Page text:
West Bend West High School senior Quinn Skidmore is in Washington D.C. preparing to take part in an awards ceremony Monday in the Voices of America essay contest.
Skidmore made it to the national level and is one of 54 finalists vying for a grand prize of a $30,000 scholarship.
In an effort to further promote academics and athletics at WashingtonCountyInsider.com we asked Quinn to file a couple stories from the road.
She wrote a story Feb. 25 about her “High Hopes at National Competition.”
An entry about how she’s touring Washington D.C. is below.
Today, I visited the United States Holocaust Memorial Museum. While I love having fun on vacation, I think it is important to remember the bad parts of our history and honor those who have died. Never again.
The photo is by Quinn Skidmore. The details below are from Victim’s Shoes at the U.S. Holocaust Memorial Museum
Visitors frequently report that the sight and smell of the 4,000 shoes is the most searing memory from their time in the Permanent Exhibition. Shoes were just one category of belongings the Nazis systematically confiscated from their victims at the killing centers of Bełżec, Sobibór, Treblinka, Chełmno, Majdanek, and Auschwitz-Birkenau. Vast quantities of clothing, eyeglasses, kitchen utensils, hair- and toothbrushes—every kind of personal item—were seized and shipped to Germany or distributed to the local populations. Leather goods, including shoes, were to be repaired by concentration camp prisoners or broken down to be recycled for other purposes.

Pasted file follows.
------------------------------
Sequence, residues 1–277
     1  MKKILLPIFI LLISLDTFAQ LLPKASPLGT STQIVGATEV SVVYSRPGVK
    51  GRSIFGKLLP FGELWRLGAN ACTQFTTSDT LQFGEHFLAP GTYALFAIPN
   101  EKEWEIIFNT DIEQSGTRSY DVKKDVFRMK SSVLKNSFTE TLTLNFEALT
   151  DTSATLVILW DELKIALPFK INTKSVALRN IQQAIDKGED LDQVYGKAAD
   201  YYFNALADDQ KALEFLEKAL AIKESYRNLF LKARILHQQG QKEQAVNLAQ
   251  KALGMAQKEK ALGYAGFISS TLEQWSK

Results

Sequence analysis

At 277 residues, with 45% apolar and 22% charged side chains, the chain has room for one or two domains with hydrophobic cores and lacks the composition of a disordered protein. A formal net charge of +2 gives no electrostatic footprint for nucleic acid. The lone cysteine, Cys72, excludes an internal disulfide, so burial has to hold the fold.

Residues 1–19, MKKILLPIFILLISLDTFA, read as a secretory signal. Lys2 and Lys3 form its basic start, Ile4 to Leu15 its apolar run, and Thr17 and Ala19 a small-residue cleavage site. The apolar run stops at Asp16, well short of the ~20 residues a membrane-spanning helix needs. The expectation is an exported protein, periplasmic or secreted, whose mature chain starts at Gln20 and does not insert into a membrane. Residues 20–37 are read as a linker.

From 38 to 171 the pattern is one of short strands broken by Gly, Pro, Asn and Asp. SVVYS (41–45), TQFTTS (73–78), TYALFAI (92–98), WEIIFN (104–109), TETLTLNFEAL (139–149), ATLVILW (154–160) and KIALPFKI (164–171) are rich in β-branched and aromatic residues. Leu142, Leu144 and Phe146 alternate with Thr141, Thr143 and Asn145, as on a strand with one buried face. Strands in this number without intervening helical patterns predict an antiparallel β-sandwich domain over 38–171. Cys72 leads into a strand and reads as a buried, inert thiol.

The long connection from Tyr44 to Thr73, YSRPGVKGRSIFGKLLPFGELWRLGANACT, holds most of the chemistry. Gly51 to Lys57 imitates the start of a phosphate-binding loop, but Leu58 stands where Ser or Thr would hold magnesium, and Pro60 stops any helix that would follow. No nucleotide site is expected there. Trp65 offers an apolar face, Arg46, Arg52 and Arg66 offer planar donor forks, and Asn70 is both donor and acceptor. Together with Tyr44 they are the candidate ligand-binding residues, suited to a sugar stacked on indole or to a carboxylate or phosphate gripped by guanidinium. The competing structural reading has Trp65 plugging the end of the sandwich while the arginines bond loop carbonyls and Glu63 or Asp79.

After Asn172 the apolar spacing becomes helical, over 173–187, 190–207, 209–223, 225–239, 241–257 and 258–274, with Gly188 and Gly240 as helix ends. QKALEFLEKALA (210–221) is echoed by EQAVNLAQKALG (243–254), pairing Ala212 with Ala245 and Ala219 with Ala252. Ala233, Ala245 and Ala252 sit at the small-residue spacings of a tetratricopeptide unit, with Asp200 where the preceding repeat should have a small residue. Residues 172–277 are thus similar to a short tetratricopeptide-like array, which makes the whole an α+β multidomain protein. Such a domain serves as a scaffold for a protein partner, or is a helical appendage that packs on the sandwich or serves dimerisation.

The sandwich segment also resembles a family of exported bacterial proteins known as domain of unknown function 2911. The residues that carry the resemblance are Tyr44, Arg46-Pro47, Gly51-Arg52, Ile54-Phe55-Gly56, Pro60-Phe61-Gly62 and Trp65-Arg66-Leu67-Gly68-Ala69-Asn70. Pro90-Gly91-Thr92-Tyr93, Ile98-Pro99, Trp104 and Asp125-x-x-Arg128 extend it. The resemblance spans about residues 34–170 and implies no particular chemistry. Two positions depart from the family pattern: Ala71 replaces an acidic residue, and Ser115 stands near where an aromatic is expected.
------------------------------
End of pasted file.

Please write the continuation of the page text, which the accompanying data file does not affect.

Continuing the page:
When Soviet troops liberated the Auschwitz-Birkenau and Majdanek camps, they discovered huge mounds of shoes, hundreds of thousands of pairs, but very few living prisoners. At the sight of these inanimate witnesses, veteran CBS News correspondent Edward R. Murrow commented, “One shoe, two shoes, a dozen shoes, yes. But how can you describe several thousand shoes?”
The 4,000 shoes displayed in the Permanent Exhibition are on loan from the State Museum of Majdanek in Lublin, Poland, and represent a tiny fraction of those found at Majdanek in 1944.
To read more about Quinn Skidmore and her award click the links below.